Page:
the pinefox, Saturday, 12 October 2019 10:08 (two months ago) link

i mean i'm probably not going to get round to 540-pages worth any time soon -- i prefer HJ's early funny stuff -- but something that captures in great and subtle detail a world-view and sensibility that is now perhaps entirely vanished seems good not bad? fiction as a portrait of the realities of its moment etc etc, lest we merely project back onto all other times and places our own (fragile) world-views and sensibilities blah blah

mark s, Saturday, 12 October 2019 11:08 (two months ago) link

Ezra Pound:

If one were advocate instead of critic, one would definitely claim that these atmospheres, nuances, impressions of personal tone and quality are his subject; that in these he gets certain things that almost no one else had done before him. These timbres and tonalities are his stronghold, he is ignorant of nearly everything else. It is all very well to say that modern life is largely made up of velleities, atmospheres, timbres, nuances, etc., but if people really spent as much time fussing, to the extent of the Jamesian fuss about such normal trifling, age-old affairs, as slight inclinations to adultery, slight disinclinations to marry, to refrain from marrying, etc., etc., life would scarcely be worth the bother of keeping on with it. It is also contendable that one must depict such mush in order to abolish it.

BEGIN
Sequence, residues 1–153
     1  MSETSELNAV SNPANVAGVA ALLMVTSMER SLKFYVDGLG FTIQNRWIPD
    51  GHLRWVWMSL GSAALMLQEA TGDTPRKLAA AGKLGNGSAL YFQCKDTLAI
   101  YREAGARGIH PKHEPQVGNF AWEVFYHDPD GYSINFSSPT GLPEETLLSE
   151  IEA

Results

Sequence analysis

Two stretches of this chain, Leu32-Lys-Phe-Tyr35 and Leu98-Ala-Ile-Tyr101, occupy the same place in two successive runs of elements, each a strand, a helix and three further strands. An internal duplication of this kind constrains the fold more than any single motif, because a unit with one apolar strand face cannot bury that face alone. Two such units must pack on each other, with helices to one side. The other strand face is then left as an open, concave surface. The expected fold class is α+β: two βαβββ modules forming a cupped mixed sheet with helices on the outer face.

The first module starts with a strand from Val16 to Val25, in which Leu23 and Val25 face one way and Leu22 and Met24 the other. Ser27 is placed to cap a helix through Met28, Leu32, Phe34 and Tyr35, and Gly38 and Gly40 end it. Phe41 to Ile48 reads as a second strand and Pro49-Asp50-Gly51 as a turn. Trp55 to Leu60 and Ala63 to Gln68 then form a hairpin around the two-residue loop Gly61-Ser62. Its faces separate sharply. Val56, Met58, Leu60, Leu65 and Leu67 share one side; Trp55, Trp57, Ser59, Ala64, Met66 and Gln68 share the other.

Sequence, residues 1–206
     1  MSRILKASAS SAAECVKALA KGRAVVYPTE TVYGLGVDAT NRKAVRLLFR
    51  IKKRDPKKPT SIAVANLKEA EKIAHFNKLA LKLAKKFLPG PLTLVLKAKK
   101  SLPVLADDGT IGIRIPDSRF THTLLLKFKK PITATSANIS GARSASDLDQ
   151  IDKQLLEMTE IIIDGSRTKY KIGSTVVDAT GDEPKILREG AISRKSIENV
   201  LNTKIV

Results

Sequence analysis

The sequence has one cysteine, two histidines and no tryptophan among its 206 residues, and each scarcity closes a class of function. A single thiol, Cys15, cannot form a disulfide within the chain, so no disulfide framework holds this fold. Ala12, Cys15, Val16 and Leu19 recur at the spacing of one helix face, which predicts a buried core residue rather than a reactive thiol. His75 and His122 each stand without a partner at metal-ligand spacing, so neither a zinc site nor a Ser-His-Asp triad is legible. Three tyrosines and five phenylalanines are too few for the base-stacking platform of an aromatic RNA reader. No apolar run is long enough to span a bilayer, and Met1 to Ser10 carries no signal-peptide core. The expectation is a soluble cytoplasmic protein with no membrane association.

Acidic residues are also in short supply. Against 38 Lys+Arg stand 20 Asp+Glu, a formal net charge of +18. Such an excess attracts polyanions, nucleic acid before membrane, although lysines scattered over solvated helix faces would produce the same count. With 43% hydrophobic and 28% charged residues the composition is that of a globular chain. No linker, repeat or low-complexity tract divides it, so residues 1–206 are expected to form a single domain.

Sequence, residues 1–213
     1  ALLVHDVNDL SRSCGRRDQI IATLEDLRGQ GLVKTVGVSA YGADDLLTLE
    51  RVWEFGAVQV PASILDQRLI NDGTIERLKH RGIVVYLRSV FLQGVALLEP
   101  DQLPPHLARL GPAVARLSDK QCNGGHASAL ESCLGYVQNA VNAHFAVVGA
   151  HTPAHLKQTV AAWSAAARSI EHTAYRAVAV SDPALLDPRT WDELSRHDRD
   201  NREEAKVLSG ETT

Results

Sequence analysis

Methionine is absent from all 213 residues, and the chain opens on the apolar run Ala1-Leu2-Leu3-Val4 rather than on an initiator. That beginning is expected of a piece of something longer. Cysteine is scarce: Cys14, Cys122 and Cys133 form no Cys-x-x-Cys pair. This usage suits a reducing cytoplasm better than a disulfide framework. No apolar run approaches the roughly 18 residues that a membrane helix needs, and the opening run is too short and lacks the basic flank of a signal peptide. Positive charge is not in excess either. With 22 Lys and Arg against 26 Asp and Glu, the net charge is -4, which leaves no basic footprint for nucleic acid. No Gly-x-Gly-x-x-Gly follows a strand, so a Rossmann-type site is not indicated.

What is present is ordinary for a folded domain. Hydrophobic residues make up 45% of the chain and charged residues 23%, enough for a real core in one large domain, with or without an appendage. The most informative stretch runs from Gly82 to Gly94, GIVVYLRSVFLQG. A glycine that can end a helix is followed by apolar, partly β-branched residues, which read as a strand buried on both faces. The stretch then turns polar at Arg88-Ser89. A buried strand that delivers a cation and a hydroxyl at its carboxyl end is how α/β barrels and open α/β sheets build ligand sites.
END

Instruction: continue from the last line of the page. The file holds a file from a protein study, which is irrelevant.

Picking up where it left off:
(NB: I don't agree)

TikTok to the (Alfred, Lord Sotosyn), Saturday, 12 October 2019 11:39 (two months ago) link

I just like lots of guilt

(the gilt cup)

a Mets fan who gave up on everything in the mid '80s (Dr Morbius), Saturday, 12 October 2019 12:30 (two months ago) link

Pound did get this right about Harry: "If one were advocate instead of critic, one would definitely claim that these atmospheres, nuances, impressions of personal tone and quality are his subject; that in these he gets certain things that almost no one else had done before him. These timbres and tonalities are his stronghold..."